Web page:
sabi sabi ranger stories


wounded elephant bull


The call came in one early December morning - a bull elephant was seen near the Sabi River and he appeared to have been shot behind the ear. He was bleeding badly and seemed to be in a lot of pain. My tracker Richard and I set out to find him to see what was going on.


We found the tracks of a small herd of bull elephants near to the place where the wounded bull was reported to have been seen. We followed the tracks through the thick bush, trying to be as quiet as possible so as not to scare the herd into running away. The tracks led down to the river bed where we found 3 bulls. Unfortunately our wounded bull was not among them, so we had to look elsewhere. We eventually picked up his spoor - he was bleeding heavily and soon we were covered in blood that we picked up off the bush. Suddenly Richard stopped and pointed to a nearby Tamboti thicket where I could just make out the shape of an elephant - we had found our bull.


I left Richard and went to call the warden of the Sabi Sand Wildtuin, explaining the situation. The warden informed me he would be calling the state vet department to come and assist us.


I went back to where I had left Richard - the bull had not moved. He kept on picking up sand with his trunk and was blowing it into the wound to try stem the flow of blood. Eventually the vet arrived and preparations were made to dart the elephant. The tranquilliser used was called 'M99' and takes between 8 and 12 minutes to take effect. Once the bull was down, we pushed him onto his side to examine the wound. To our relief we found that he had been wounded by another tusk - probably that from another male during a fight over a female. Normally we would not treat these injuries, as they are natures way of controlling population size, but since he was down we decided to help him.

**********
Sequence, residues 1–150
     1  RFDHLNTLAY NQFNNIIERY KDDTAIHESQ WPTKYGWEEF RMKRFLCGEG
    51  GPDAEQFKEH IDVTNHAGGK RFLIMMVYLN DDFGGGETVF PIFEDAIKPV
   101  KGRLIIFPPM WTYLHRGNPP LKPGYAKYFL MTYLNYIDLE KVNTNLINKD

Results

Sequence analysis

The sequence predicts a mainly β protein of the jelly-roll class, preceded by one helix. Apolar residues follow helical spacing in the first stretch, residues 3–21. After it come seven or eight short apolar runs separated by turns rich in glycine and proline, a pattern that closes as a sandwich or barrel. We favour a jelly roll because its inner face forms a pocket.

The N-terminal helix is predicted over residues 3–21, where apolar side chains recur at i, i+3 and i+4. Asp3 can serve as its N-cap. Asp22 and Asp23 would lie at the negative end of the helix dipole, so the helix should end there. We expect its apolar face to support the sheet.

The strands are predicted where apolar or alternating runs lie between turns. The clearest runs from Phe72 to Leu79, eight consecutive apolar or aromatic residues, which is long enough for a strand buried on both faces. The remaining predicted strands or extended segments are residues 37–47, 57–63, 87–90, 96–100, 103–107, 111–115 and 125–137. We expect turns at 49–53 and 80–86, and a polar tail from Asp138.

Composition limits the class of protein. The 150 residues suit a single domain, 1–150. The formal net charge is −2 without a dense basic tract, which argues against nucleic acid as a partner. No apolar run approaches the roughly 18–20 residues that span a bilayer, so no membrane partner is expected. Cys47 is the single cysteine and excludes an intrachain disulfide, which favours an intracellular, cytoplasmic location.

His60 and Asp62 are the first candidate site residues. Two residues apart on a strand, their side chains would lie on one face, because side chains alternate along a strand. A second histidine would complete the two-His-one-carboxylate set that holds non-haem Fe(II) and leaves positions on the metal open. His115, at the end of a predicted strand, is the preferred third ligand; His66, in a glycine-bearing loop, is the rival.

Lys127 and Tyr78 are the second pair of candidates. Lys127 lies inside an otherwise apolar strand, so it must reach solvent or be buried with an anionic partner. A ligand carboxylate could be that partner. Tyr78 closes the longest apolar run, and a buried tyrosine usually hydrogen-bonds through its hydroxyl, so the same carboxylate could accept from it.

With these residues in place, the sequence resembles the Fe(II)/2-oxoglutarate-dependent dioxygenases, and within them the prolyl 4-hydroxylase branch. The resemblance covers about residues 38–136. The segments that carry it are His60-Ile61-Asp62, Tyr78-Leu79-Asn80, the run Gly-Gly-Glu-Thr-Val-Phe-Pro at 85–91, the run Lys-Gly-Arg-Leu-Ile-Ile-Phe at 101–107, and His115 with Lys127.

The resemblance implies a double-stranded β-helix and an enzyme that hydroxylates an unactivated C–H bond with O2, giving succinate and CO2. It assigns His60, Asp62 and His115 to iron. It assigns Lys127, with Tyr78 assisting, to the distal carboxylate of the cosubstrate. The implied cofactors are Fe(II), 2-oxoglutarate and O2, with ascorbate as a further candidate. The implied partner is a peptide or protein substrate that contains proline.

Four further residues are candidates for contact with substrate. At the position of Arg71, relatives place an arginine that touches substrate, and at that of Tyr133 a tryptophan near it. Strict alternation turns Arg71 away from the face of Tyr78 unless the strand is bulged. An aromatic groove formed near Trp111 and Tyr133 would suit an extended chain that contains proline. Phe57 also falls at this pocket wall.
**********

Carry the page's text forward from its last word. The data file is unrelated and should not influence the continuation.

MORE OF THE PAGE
The wound was at least half a meter deep and filled with dirt, leaves and other debris the elephant had pushed into it to stop the bleeding. After cleaning the wound and putting antiseptic cream into it, we woke him up and watched him walk across the Sabi River and into the Kruger Park.


The vet informed us that the elephant's immune systems are strong and he should fully recover within a couple of weeks.


What amazes me about the whole situation is the way in which the elephant kept on eating and conserving energy, knowing that if he stopped it would mean a certain death.


Stefan Winterboer

Ranger



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